The number of comments to your question is becoming quite large, so I thought I'd roll my comments up into an answer (of sorts).
You ask whether the seat postures could cause back pains, and whilst I have no specialist knowledge in this area, I'd have to say from a purely empirical viewpoint that the answer must be "no". A lot of people ride a lot of miles on a lot of days, without suffering long-term pain.
But it's not a blanket "no", there are caveats. For example, if you have a badly-fitting bike, this can quickly cause pain.
Plus don't forget, under the large umbrellas of "road bikes" or "mountain bikes", there are many different frame geometries which offer many levels of comfort.
For example with road bikes, at one extreme there are bikes designed to be ridden by professional racers, whose geometry will sacrifice comfort for efficiency/performance.
At the other extreme there are, for example, touring bikes which are designed with a more relaxed geometry, so as to be comfortable for riding all day, over several days, and carrying a load. There are a gozillion bikes in between, and the story is repeated for mountain bikes.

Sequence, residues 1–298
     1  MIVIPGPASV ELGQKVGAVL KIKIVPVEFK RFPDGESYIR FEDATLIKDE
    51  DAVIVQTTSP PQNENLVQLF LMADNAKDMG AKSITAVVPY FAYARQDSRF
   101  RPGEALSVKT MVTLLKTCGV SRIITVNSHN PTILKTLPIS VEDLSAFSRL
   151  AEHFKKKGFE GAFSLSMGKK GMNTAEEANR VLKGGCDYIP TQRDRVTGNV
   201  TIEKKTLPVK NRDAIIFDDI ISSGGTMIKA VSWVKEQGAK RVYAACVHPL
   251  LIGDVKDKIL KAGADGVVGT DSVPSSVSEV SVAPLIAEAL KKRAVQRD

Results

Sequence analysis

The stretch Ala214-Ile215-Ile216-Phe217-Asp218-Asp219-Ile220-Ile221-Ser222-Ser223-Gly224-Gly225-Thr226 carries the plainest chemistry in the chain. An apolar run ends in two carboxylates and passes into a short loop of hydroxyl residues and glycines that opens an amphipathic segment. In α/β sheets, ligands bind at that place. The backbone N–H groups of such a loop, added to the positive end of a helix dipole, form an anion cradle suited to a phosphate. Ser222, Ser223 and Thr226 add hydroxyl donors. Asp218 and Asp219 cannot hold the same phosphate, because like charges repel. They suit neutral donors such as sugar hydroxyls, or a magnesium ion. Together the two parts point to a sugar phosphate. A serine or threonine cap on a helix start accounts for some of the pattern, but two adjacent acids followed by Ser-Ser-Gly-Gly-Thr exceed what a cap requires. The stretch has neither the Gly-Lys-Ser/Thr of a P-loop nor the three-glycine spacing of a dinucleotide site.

Example: two different road bikes (same manufacturer). The first (left/top?) photo shows a bike from their "road" [i.e. racing] range, the other from their "touring" range. You can see the different frame shapes involved. (The two bikes look pretty much to be on the same scale, certainly they both run 700 tyres.) But if you look at both the vertical and horizontal distances between the saddle and handlebar, hopefully you can envisage that the rider of the left bike would have their back more horizontal (efficient but uncomfortable), the rider of the right bike will have their back at maybe 45° (give or take), a far more comfortable position.